Ever wonder why you can’t seem to get rid of your sinus infection? Or it goes away for a little while and then comes back again? Maybe for you it’s not sinus infections but urinary tract infections? You take antibiotics for weeks on end and as soon as you stop them the infection comes back?
Chances are good that pathogens creating your infection have coated themselves in a biofilm, making them extremely hard to treat. What’s a biofilm? It’s a slimy, glue-like membrane composed of polysaccharides made by bacterial and fungi. Within that film one or more types of bacteria and/or fungi share nutrients and DNA and undergo changes to evade the immune system. Since it requires less oxygen and fewer nutrients and alters the pH at the core, the biofilm is a hostile community for most antibiotics. In addition, the biofilm forms a physical barrier that keeps most immune cells from detecting the pathogenic bacteria. (1)
According to the National Institutes of Health, more than 80% of human bacterial infections are associated with bacterial biofilm. This problem has long been known to hospitals dealing with medical implants, vascular grafts, and severe dermal wounds. Biofilms often are involved in ear infections, sinus infections, chronic tonsillitis, dental plaque, endocarditis, lung infections in cystic fibrosis, kidney stones, biliary tract infections, urinary tract infections, bone infections, and chronic wounds. Biofilms also have been linked to both Crohn’s disease and ulcerative colitis, and are thought to impede treatments involving infections, such as E. coli and H. pylori, in the digestive tract.
Unfortunately, biofilms often are difficult to diagnose. They don’t show up in swabs or stool samples, and they are not easily cultured.
If you suspect a biofilm may be involved in a tough-to-treat infection, what can you do? Find a biofilm disruptor. It can be taken with antibiotics or antimicrobial herbal treatments.
Interestingly, some of them are commonly found in health food stores.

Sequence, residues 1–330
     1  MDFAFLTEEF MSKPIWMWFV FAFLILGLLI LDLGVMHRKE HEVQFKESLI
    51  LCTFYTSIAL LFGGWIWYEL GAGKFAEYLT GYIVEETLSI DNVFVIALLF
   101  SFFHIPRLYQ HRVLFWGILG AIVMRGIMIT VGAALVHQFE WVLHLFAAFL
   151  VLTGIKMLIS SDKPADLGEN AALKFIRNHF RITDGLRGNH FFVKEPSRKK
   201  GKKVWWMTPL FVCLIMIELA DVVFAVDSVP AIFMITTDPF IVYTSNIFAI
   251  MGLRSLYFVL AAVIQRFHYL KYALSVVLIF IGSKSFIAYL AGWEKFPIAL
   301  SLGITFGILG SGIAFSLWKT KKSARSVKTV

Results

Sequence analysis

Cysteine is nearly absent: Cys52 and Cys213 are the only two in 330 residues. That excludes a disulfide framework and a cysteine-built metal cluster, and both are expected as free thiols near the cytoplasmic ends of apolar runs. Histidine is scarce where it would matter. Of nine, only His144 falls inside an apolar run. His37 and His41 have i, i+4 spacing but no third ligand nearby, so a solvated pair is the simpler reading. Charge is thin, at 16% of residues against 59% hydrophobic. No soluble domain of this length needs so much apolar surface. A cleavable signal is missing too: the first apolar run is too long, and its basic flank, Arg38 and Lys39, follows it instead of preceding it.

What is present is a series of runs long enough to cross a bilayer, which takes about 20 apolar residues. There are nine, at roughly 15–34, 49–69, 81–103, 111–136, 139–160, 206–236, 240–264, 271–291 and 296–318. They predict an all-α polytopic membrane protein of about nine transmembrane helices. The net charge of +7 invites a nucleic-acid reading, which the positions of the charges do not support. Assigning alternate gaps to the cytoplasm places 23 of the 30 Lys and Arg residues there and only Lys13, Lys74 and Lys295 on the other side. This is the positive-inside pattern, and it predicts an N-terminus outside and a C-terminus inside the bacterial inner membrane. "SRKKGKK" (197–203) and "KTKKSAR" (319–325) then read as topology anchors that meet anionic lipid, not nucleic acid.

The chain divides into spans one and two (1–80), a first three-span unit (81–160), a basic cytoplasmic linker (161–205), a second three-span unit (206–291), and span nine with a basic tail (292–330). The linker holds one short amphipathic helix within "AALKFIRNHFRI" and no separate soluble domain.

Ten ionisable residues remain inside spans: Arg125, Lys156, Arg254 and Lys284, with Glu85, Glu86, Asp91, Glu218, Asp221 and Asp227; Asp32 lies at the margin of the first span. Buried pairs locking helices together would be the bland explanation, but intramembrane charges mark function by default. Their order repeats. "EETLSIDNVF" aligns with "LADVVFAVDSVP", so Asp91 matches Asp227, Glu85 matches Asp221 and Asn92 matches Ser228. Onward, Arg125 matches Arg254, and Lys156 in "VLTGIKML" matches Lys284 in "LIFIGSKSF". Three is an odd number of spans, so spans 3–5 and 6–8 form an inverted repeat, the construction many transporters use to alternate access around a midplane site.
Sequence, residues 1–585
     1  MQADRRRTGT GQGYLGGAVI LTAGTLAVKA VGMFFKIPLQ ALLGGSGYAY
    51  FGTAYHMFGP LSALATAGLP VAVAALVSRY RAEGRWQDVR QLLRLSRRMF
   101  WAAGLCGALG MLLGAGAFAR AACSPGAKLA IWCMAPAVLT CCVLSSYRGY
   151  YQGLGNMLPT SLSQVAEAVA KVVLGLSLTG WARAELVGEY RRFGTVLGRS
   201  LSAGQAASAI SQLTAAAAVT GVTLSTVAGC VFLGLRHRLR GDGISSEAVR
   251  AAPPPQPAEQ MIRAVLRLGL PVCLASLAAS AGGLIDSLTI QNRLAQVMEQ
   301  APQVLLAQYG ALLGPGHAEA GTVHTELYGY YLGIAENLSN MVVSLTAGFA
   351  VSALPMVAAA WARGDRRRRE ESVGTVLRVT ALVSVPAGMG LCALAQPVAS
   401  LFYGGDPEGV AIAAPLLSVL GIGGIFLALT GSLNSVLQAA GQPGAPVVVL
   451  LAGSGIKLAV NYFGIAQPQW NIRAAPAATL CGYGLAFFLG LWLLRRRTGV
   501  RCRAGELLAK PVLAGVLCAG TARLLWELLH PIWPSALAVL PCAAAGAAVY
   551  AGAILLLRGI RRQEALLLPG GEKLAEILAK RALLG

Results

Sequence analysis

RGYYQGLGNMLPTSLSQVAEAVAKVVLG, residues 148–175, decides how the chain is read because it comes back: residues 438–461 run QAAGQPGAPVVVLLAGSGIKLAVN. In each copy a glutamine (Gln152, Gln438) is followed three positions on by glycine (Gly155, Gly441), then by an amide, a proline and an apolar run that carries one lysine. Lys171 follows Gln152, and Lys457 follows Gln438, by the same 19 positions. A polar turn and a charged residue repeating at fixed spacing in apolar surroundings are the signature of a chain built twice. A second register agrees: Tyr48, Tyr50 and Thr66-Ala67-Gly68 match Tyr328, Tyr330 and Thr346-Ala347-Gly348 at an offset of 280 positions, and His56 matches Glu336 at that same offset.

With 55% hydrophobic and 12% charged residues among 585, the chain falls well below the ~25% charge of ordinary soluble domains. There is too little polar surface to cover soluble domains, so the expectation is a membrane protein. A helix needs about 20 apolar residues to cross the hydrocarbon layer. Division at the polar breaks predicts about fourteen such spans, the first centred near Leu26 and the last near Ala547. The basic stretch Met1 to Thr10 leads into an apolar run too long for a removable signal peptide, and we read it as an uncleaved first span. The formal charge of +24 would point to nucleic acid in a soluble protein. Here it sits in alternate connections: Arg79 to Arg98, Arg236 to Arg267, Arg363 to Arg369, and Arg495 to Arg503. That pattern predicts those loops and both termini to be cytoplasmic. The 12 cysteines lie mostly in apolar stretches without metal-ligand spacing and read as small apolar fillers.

Nattokinase, an enzyme produced from fermented soybeans, breaks down fibrin and fibrin is part of the matrix of some biofilms. It has been used extensively as a coating on implants to help prevent biofilms from forming.
N-acetylcysteine (NAC) occurs naturally in the body, being derived from the amino acid l-cysteine. It both increases glutathione (the body’s most potent antioxidant) and breaks down mucus. It’s effective against biofilms on prosthetic devices. (1)
Colloidal silver is effective in treating topical biofilms, though there is little to no research showing its effectiveness as a biofilm disruptor internally.
There also are combination products designed to break down biofilms. Chris Kresser, founder of Kresser Institute and a widely known natural health practitioner/teacher, recommends Klaire Labs InterFase Plus or Kirkman Biofilm Defense. Both are either available or can be ordered at Ruth’s.
Kresser also recommends using antimicrobial treatments following, and along with, biofilm disruptors. That may be an antibiotic prescribed by your doctor or mixtures of potent herbs. For example: berberine, artemisinin, black walnut hulls, oregano oil, goldenseal, echinacea. Designs for Health G.I. Microb-X or Biocidin by Bio-Botanical Research are two such products that can be ordered at Ruth’s.
Be aware that when using antimicrobial treatments, patients may get a die-off reaction. When bacteria die, they release toxins that can leave you feeling tired, achy, sleepy. Using activated charcoal can help absorb the toxins and lessen the reaction.